As a man, you’ve probably heard a lot about testosterone.

It’s your main sex hormone. It’s the almighty of manly hormones. It’s what makes you a man and without it (or with less of it), you’re somehow ‘less manly.’

Well, not exactly, but low levels of testosterone can lead to some challenges.

Just like everything else becomes a little bit more difficult with age, balancing hormones follows suit. Hormones are changing throughout your entire life and unfortunately, once you hit a certain age, keeping levels elevated is increasingly more work.

But before you think about injecting yourself with testosterone, we think you should know how testosterone is produced and how it changes with age, what contributes to low testosterone, and what you can do about it.

Testosterone and Aging

Testosterone levels are under tight control by your hypothalamic-pituitary-gonadal (HPG) axis. The hypothalamus secretes gonadotropin-releasing hormone (GnRH), which triggers the anterior pituitary to produce luteinizing hormone (LH) and follicle-stimulating hormone (FSH). LH then stimulates Leydig cells of the testes to produce testosterone 1.

And while this process happens throughout your entire life, after about 40 years old (50 for some lucky ones) it starts to slow down. Similar to how women go through menopause, men go through what’s called “andropause,” which describes age-related changes in male hormone levels, specifically testosterone.

According to research, andropause is a little less drastic than menopause. Testosterone levels start to decline by about 1% per year after the age of 40, but the decline comes at a pretty steady pace as opposed to a stark drop2.

So, for a male around 50 years old, you can expect levels to be a little lower than they were twenty years ago. 

According to research, “average” levels of testosterone in healthy men look something like this: 3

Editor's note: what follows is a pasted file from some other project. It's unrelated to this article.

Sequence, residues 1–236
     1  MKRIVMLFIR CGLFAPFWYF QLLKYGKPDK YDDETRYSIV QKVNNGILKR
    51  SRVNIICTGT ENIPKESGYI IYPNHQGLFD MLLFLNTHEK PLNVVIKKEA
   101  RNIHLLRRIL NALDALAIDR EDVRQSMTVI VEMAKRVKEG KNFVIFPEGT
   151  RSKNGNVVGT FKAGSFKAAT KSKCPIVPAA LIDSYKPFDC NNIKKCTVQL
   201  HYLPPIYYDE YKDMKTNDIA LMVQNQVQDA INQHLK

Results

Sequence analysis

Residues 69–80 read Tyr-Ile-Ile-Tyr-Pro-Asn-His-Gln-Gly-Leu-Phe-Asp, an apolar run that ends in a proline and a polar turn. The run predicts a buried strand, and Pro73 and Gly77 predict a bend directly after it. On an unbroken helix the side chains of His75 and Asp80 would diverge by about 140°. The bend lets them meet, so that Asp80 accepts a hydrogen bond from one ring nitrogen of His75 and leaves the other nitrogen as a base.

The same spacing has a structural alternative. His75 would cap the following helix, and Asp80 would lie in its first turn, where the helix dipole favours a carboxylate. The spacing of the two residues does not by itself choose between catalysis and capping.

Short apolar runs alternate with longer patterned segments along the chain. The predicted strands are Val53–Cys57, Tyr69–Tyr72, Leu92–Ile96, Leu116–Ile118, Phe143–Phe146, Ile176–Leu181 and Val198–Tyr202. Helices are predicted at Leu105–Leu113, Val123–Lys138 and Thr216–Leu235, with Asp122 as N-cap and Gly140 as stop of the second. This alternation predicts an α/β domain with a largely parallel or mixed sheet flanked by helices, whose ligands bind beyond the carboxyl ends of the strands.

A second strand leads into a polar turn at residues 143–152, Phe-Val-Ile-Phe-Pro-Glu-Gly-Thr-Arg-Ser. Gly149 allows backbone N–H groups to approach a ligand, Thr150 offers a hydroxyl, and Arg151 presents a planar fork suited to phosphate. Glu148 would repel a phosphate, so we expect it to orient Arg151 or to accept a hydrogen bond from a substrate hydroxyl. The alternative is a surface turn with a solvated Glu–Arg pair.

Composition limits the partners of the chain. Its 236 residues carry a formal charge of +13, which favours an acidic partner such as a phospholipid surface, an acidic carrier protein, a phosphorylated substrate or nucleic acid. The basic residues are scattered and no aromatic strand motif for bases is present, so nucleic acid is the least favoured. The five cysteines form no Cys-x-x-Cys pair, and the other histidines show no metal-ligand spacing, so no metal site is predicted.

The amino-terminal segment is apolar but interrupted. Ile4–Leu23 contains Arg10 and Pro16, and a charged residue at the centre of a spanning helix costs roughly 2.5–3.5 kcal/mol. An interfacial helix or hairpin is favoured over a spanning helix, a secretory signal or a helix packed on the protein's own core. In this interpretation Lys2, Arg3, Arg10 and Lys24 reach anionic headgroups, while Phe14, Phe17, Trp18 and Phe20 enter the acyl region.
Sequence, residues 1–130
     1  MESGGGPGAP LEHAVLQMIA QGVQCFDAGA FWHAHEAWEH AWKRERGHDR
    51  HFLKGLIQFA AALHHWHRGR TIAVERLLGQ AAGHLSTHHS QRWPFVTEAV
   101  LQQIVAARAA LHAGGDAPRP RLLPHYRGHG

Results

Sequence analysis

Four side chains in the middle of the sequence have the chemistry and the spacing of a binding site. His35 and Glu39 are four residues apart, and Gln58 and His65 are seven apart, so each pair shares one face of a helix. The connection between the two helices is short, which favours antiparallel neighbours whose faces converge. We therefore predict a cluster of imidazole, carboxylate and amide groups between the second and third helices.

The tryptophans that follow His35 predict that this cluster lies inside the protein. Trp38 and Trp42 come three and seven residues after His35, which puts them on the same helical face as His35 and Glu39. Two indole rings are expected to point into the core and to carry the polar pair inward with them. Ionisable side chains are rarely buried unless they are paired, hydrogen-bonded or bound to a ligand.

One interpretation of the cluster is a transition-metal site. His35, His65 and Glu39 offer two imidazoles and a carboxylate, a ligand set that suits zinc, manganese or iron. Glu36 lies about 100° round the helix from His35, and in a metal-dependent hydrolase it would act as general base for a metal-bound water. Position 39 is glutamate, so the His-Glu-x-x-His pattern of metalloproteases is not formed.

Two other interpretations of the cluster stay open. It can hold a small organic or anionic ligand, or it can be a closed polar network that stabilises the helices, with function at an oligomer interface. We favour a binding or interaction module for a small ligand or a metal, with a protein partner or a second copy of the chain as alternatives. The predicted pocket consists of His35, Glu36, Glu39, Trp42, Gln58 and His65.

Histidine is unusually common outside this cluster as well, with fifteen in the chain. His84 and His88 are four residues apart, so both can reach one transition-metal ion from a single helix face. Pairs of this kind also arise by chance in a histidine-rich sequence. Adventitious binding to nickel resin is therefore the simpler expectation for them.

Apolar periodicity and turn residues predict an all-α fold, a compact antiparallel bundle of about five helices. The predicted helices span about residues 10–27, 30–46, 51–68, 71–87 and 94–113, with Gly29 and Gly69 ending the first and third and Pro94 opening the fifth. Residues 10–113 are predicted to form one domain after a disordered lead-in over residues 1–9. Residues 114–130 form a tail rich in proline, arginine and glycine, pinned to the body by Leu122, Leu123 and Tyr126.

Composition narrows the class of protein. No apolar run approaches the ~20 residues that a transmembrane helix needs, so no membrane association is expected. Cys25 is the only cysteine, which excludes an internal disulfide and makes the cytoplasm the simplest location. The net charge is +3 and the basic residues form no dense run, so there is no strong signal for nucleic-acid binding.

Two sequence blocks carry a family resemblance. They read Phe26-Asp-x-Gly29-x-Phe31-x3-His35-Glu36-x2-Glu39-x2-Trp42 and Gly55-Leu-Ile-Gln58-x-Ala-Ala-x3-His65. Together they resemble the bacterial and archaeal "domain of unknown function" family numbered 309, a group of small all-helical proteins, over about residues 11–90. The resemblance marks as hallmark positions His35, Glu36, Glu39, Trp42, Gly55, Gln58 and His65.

Total testosterone

Free testosterone

Bioavailable testosterone

















Total testosterone is your levels of both free and bound; free testosterone floats around unbound to proteins, and bioavailable testosterone is bound to albumin.

What typically happens for men over 50 is that testosterone binds to two proteins: tightly to sex-hormone-binding globulin (SHBG) and weakly to albumin. However, as men age, levels of SHBG increase, which means more testosterone binds.

And because only free testosterone or albumin-bound testosterone levels are measured, levels may show up low even though testosterone levels are normal — the majority of it is actually bound to SHBG and therefore not bioavailable.

What contributes to low testosterone?

Aging is a huge thing that contributes to declining testosterone, but it’s by no means the only thing.

There’s also:

  • Hypogonadism
  • Obesity
  • Stress (mental or physical)
  • Medications
  • Lack of physical activity
  • Poor diet

And when testosterone levels aren’t where they should be, you may experience 4:

  • Low energy
  • Difficulty gaining or maintaining muscle mass
  • Poor physical performance
  • Sleep disturbances